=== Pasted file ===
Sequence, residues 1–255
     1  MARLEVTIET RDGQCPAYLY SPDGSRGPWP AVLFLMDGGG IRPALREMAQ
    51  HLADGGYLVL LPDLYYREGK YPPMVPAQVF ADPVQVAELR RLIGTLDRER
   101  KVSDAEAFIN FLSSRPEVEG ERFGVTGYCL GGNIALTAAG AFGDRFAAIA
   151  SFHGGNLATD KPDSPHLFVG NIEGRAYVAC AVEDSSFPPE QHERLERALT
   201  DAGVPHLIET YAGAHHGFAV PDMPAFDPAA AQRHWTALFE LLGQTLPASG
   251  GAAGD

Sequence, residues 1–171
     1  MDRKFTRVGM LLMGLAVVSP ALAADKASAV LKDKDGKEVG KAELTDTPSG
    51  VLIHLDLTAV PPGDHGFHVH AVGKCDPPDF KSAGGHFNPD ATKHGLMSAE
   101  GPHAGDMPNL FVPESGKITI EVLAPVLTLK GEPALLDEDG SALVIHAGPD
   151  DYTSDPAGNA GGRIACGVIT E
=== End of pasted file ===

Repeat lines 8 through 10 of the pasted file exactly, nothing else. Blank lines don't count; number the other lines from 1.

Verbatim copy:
Sequence, residues 1–171
     1  MDRKFTRVGM LLMGLAVVSP ALAADKASAV LKDKDGKEVG KAELTDTPSG
    51  VLIHLDLTAV PPGDHGFHVH AVGKCDPPDF KSAGGHFNPD ATKHGLMSAE